Guys dig girls with Mussels

Or at least, that’s what Max told me.

Cooking mussels is another one of those nearly foolproof methods of pleasing snobs with simple, and fairly cheap ingredients. In fact, Max spent more on the perfect Belgian beer pairings than I did on the whole dinner!

It was kind of a whim to make them, actually, but Max has been craving them for some time. And The Lobster Place is closer than any other grocery store, so the other night I braved the cold and picked up 2 lbs of fresh mussels. The total came to little more than $7. I don’t know why mussels in restaurants are always so expensive! And the last time I had them in a fancy place, I got food poisoning and was up all night vomiting.

That said, I think if you prepare them yourself, you’re much less likely to get sick because you can eliminate a lot of risk by checking to see if each mussel is alive before you cook it. It’s really simple: check to see if any of the (FRESH and UNCOOKED, obviously) mussels you bought are already open. If you find one that’s open, pinch it shut quickly with your fingers. Now wait: does it pop back open and stay open? If so, then it’s dead. If it closes itself (even slowly), it’s still alive and safe to eat. Also toss ANY mussel that’s got a broken shell. Contrary to popular belief, it’s entirely safe to eat cooked mussels that don’t open: it might be a pain in the ass to pry them apart, but they’re fine for consumption. The only reason the mussels open or don’t open is because the heat of cooking them denatures the proteins in their abductor muscles, and once that has happened thoroughly it releases the shell a bit. If they don’t open, and they’re cooked, it’s still safe to pry them apart anyway.

As the classic preparation for mussels is moules frites, and I have been in a somewhat classic mood lately, I decided to pair these mussels with oven fries. But to give the dish a slight twist, I added a bit of curry powder too. Also on the side: spinach. And a great Belgian beer! (okay, Max decided that part)

Mussels in a Curry & White Wine Sauce (for 2)

2 lbs fresh mussels

1/3 cup flour (for cleaning them)

2-3 large shallots, chopped

2 cloves garlic, minced

1 cup white wine

2 tablespoons curry

1/2 cup vegetable or chicken broth

2 tablespoons butter

2 tablespoons olive oil

1/4 cup fresh parsley, chopped

salt about 1/2 tablespoon


Step 1) Soak the mussels for 1/2 hour to an hour in about a half gallon of water with the 1/3 cup flour. This will make the mussels disgorge yes my pretties, filter out all your gritty sandany sand or gross bits they are hanging onto (see redundant photo, right). As you put them into this nice little bath, check them for beards (that is, the greenish-brownish stringy thing coming out of their sides). These are what the mussel uses to attach itself to rocks, and you want to just yank it out quickly towards the hinge of the shell or cut it off with a paring knife. Rinse them off after you soak them.

Step 2) chop everything up. If you are making my extremely simple oven fries recipe below, preheat the oven to 450 at this time. After the potatoes go in, wait about 10 minutes before starting on the next part.

Step 3) Heat up the olive oil and butter in a big stock pot over medium. Add the shallots and stir until they’ve become translucent, about 3-5 minutes. Add the garlic, and saute another minute or so.

Step 4) Add the wine, salt, and curry powder and parsley and turn the heat up to high. After the liquid has reduced to about half, add the broth. Ooh what a pretty yellow!shall we shallot?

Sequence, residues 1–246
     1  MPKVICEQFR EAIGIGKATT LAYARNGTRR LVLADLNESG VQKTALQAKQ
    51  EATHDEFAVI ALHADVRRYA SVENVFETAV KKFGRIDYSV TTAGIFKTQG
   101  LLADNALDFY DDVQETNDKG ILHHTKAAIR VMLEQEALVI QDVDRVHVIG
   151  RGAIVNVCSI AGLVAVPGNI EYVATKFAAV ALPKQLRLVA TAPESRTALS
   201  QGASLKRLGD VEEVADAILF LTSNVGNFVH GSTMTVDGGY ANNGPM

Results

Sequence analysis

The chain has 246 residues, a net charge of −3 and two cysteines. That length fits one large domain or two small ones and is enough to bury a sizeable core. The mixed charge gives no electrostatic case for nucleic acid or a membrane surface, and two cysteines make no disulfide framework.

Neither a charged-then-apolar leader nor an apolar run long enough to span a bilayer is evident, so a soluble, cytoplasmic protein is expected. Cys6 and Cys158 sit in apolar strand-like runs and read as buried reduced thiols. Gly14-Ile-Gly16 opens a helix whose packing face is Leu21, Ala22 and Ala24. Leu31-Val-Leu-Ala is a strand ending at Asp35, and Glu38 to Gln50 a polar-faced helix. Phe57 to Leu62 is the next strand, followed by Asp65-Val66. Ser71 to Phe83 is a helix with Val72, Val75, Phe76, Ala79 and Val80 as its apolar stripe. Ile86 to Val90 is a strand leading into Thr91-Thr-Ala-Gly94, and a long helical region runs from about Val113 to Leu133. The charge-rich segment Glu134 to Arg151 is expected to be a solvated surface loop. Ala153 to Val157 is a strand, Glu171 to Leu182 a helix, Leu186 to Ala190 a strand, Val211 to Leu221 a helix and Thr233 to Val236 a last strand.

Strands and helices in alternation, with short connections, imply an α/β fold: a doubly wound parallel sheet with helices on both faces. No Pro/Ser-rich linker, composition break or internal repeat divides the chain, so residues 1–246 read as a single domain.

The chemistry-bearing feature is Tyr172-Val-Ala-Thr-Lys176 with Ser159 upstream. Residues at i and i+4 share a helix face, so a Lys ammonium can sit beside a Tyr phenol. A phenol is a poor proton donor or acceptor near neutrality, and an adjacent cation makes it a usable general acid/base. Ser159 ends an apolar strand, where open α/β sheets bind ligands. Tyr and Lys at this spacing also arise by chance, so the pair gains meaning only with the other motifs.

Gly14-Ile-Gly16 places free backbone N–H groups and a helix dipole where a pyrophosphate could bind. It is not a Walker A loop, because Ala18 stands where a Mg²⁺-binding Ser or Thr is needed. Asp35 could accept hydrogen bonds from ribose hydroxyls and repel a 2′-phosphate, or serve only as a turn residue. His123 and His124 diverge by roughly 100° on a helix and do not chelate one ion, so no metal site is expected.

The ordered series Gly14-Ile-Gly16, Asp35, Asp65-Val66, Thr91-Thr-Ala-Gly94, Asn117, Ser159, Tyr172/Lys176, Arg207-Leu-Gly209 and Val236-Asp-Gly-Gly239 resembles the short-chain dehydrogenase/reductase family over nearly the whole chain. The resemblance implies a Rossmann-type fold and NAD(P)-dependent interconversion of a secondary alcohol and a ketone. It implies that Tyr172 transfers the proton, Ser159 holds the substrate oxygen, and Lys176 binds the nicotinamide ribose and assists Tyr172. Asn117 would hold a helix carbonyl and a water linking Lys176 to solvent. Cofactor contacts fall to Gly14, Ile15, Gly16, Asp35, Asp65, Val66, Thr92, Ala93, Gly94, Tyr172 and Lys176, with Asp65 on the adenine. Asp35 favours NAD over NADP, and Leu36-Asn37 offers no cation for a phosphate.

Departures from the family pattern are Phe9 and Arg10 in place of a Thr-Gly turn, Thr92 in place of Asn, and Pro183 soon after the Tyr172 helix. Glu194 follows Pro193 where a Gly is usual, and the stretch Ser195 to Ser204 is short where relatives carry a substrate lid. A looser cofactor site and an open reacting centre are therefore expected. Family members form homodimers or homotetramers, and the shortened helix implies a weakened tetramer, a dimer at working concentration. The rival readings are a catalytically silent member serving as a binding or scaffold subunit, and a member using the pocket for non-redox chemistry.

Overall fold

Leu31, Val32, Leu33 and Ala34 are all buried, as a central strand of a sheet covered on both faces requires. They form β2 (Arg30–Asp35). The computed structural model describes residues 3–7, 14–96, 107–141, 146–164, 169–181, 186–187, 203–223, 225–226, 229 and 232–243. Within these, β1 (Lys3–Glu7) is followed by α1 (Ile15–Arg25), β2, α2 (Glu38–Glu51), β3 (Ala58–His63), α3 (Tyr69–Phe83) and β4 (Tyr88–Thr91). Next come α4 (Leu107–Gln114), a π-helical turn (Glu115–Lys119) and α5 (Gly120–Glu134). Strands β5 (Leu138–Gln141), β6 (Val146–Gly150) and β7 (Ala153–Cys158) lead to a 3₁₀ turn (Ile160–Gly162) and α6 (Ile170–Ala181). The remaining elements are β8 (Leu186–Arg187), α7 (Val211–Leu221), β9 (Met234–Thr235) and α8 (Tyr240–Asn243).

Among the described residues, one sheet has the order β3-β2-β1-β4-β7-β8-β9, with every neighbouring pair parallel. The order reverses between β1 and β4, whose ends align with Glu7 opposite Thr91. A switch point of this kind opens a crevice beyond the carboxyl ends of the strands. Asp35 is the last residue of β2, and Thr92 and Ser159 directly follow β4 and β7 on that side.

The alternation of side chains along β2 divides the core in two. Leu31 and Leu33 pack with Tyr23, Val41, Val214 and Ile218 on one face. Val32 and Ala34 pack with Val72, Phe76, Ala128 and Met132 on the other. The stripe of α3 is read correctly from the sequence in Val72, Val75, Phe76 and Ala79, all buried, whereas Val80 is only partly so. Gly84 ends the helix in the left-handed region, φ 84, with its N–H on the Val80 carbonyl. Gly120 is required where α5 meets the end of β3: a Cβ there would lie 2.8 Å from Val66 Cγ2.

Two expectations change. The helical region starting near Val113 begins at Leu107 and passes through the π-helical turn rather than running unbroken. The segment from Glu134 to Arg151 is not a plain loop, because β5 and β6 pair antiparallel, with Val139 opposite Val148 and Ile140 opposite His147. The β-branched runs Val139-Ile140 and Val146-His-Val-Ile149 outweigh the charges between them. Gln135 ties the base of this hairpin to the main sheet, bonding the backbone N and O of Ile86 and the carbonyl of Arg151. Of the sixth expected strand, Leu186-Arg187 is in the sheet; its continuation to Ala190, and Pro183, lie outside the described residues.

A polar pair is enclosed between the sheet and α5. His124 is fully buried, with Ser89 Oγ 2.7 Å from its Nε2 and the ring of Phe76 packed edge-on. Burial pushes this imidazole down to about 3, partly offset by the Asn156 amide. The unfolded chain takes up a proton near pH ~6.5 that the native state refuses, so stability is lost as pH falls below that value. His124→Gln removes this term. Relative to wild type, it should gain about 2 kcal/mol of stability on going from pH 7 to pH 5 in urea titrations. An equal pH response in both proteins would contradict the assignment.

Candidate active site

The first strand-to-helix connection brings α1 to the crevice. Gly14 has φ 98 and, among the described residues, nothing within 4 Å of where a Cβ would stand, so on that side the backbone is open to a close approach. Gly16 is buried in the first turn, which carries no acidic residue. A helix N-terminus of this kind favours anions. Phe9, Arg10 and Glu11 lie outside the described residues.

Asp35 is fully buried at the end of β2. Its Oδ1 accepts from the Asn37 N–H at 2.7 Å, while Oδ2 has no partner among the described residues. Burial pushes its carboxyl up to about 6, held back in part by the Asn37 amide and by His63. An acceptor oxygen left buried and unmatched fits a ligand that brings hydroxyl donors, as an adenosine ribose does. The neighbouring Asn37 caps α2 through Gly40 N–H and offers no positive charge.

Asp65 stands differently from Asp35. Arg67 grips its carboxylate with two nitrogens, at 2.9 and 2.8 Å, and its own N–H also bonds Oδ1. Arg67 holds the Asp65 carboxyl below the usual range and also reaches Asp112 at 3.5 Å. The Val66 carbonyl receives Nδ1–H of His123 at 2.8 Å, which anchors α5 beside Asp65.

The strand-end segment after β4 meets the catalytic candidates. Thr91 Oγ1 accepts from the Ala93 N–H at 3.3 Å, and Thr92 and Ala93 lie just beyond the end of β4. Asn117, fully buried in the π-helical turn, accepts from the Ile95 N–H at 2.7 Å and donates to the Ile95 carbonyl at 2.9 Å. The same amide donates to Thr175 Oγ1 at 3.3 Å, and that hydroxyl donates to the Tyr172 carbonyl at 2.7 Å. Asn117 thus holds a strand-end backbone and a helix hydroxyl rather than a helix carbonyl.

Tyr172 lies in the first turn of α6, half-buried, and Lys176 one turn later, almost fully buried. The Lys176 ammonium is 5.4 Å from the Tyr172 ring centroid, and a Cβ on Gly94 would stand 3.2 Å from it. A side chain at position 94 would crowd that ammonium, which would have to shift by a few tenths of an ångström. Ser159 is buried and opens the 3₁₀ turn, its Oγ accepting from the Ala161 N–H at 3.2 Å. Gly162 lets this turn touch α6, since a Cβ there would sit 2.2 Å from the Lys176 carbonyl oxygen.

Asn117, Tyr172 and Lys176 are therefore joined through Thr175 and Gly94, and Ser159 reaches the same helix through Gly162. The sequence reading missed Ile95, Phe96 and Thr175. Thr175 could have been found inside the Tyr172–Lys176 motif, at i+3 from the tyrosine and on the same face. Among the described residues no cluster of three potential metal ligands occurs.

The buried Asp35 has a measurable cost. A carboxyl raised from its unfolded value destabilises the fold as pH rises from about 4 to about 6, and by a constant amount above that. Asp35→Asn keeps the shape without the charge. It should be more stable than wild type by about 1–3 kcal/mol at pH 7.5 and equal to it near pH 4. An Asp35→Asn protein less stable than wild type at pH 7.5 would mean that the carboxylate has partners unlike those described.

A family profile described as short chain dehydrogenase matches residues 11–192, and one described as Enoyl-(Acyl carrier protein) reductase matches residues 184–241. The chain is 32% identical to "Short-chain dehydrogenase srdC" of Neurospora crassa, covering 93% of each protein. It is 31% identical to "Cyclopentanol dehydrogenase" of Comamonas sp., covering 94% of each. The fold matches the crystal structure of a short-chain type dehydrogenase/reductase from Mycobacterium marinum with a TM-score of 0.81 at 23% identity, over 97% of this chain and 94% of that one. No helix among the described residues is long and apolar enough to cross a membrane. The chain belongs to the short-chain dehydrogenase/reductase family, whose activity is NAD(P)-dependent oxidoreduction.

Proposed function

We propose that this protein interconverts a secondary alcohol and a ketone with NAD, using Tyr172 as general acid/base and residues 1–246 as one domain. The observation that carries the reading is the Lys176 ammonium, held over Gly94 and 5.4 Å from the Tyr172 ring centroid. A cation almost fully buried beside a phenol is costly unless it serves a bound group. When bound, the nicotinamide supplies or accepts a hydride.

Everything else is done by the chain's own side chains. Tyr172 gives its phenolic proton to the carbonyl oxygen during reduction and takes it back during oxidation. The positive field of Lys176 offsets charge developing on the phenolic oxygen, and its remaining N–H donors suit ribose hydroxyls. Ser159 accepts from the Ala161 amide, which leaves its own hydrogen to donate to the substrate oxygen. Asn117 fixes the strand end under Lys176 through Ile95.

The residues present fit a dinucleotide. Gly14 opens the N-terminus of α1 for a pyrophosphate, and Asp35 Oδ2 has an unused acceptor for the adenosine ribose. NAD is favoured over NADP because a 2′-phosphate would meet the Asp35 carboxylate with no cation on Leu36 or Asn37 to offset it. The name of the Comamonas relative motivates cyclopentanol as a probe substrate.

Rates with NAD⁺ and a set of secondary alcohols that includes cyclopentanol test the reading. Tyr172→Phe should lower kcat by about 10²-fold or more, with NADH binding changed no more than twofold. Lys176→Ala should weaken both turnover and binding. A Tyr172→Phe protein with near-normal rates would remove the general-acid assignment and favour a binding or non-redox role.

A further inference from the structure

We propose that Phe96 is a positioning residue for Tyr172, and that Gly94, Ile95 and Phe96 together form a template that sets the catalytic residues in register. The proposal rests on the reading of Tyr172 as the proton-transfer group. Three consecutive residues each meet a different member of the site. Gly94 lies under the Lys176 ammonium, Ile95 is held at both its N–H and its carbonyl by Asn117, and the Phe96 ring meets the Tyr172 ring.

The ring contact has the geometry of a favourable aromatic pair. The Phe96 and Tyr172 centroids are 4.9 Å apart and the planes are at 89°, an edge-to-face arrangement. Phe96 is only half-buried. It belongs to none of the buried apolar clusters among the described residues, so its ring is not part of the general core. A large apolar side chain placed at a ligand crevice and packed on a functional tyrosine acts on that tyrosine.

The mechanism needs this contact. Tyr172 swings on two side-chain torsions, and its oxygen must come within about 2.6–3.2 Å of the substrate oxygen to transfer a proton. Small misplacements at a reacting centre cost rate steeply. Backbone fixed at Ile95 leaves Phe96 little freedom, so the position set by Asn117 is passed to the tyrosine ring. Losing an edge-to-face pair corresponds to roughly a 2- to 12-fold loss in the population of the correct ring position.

Step 5) After that liquid has reduced, add the (rinsed off) mussels. Cover it up! Wait 3 minutes, stir it, and cover it up again! Wait another 3 minutes and you are finished! Wow! Did you smell how great that was when you uncovered it? You want to serve these right away, so if you are making sauteed spinach, you should start sauteing as soon as the mussels go in. See the recipe below.

mussel building exercise

On the left, mussels before their first stir. They’re already mostly cooked! Don’t want to overcook these guys, 6-8 minutes should be plenty for 2lbs. If you over cook them they get chewy and gross.

Of course, presentation counts too so put them in a nice bowl or serving dish.

mussel beach, this-a-way

Okay, that was definitely awesome. But let’s get back to our easy and spectacular side dishes of oven fries and sauteed spinach!

Oven Fries for 2

2 potatoes

2 tbsp olive oil



Step 1)Preheat the oven to 450 degrees.

Step 2)peel the potatoes, slice them in half lengthwise, and then chop them the long way into equal sections with the knife angling a little towards the middle as you go down. no fryin these fries

Step 3)Toss them in olive oil and salt.

Step 4) Arrange them on a foil-covered cookie sheet so that they are “standing” with the most amount of surface area exposed to air. Put them in the oven for about 20 minutes, checking on them at 15 minutes. When they are golden, they are done.

Sauteed Spinach for 2


about 3 oz baby spinach, prewashed

2 cloves of garlic

dash of salt

juice from 1/4 lemon (meyer lemon if possibe)

1 1/2 tbsp good olive oil


Step 1) Heat your olive oil over medium-low flame in a pan.

Step 2) Add garlic. Stir for about 30 seconds.

Step 3) Add spinach, stirring constantly.

Step 4) Add salt, lemon juice. When the spinach has reduced like 85% (that’s a guesstimate) it’s done. You want it to be almost entirely wilted but not entirely wilted, I’d say it takes literally 2-3 minutes.

my oven fries bring all the boys to the yard

What a great dinner! Food critic Ruth Reichl once said “if it’s 4 o’clock and you’re in your office and you haven’t figured out what you’re having for dinner tonight, the battle’s half lost.” But I didn’t plan this meal until 5pm… so there’s still some home for us procrastinating cooks!


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